Baseball Magazine

What to Say During Mound Visits

By Meachrm @BaseballBTYard

One of my more popular posts ever in terms of readership was one titled Best Mound Conversation Ever.  It’s a true story that still makes me laugh when I think about it.  However, if you are the one who is

Often these meetings are more about tempo than mechanics

Often these meetings are more about tempo than mechanics

going to the mound and truly need to get a pitcher on track, reverse psychology isn’t always the best way to go.  Sometimes you’ll need to be a little more informative.  When those times come, here are some tips that might help:

Avoid mechanics.  Talking about mechanics when a pitcher is on the mound during the game is often counterproductive.  For many players, the last thing you want is for them to think too much about their mechanics.  You often see this in hitters who think too much about mechanics in the box and lose focus on the ball.  The same principle can be bad for pitchers as well.  Talks about mechanical changes are usually better off happening after the inning is over.  Little reminders like “get on top of the ball” or “reach out” are ok but longer conversations about mechanics are better suited for after the inning.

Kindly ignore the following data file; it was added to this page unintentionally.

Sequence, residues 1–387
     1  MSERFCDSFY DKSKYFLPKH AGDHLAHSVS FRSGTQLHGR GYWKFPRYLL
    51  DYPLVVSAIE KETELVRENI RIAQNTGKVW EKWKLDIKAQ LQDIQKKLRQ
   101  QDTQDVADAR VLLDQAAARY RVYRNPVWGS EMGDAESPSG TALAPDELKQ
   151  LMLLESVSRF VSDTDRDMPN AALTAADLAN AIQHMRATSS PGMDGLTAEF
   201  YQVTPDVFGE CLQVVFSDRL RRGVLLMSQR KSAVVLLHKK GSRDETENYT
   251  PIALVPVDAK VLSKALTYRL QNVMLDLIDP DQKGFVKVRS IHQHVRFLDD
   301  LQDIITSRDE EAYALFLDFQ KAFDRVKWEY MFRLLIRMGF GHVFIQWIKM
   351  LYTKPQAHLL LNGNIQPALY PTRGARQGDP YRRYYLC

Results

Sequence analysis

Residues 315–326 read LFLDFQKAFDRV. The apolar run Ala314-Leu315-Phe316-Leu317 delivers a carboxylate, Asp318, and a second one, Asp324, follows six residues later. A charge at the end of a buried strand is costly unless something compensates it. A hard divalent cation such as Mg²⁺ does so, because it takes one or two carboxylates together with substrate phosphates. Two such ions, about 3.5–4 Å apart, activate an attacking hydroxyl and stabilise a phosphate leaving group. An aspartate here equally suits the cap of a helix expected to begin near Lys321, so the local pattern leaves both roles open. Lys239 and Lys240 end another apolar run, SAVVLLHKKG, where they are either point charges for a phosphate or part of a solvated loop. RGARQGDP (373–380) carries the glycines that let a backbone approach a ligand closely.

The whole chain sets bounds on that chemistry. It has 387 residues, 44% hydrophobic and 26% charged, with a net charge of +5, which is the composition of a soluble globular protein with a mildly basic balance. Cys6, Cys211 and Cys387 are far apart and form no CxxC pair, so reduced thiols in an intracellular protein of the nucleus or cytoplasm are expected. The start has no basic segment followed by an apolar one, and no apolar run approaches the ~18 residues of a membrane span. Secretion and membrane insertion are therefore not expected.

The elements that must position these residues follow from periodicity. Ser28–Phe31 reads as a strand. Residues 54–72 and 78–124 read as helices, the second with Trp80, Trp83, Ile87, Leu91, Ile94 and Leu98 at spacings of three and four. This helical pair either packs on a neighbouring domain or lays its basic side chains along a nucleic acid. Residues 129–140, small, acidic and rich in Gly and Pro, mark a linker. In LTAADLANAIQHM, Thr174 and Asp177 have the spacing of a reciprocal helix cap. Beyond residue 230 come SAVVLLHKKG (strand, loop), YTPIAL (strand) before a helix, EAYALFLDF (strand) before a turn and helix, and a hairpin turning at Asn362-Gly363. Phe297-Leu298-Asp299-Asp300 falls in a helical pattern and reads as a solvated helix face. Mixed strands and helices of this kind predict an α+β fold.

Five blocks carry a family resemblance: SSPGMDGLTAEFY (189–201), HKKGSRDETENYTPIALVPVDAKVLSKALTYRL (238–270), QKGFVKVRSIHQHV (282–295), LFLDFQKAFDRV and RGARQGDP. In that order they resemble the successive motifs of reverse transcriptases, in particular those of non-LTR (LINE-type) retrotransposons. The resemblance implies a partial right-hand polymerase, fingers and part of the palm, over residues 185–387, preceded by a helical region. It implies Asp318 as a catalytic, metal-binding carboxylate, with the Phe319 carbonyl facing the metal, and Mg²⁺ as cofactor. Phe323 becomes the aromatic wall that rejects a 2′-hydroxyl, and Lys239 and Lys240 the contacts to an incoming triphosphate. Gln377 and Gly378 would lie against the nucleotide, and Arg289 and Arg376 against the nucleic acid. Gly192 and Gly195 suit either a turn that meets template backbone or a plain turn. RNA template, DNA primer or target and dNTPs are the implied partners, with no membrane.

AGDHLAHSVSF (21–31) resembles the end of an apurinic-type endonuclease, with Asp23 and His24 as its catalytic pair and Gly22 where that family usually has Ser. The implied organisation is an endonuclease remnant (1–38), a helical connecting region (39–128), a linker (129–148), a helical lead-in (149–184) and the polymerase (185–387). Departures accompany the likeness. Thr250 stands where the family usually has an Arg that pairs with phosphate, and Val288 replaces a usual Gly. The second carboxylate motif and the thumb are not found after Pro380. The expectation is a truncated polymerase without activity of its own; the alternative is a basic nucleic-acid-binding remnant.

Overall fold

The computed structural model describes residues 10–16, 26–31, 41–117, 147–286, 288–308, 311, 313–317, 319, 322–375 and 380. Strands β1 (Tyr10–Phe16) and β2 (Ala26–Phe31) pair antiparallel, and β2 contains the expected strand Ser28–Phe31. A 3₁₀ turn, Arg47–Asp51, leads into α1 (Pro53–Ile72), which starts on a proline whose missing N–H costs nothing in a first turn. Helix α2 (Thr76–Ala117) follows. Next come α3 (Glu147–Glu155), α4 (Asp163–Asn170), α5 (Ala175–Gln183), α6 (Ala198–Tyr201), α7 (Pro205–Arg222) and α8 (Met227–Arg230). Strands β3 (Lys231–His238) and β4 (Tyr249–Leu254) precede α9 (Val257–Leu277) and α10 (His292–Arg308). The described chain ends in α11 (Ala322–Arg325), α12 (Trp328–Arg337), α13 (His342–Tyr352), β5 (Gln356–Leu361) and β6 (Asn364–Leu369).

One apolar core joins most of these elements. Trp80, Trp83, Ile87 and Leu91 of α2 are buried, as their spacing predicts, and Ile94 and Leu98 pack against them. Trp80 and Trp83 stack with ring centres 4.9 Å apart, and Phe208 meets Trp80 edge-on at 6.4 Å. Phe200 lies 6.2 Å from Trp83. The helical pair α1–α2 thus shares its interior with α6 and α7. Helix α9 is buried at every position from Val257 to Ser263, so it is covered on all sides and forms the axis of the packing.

Focus on tempo.  A good concept to spend time on with pitchers on the mound relates to tempo.  Often a pitcher’s adrenaline gets the best of him and causes him to rush through his delivery and skip key steps – usually staying back.  Just getting him to take a breather and slow down for a few seconds can do wonders.  Getting back to his proper breathing and tempo can remind his body of the mechanics that have been engrained during practice.

Stay positive.  Nobody wants to do poorly.  The pitcher is probably beating himself up mentally already so usually it is best not to add to those thoughts by being negative yourself.  Try to lift his spirits and tell him something he is doing well – good velocity, late break on his curve, etc.

Stay away from the obvious.  Don’t go out and tell the pitcher to throw strikes.  He already knows that.  He’s not stupid.  He’s not trying to throw balls.

Use a little humor.  Nothing relaxes someone quicker than a little humor.  Break out a good joke and lighten the mood.  Call in the infielders and let them hear it as well.  Remember, the game is supposed to be fun.

Every pitcher is different.  Getting to know what makes each guy tick will greatly increase a coach’s ability to know what to say when he takes a trip to the mound.  There is no one-size-fits-all strategy.  Try them all and make some up for yourself.

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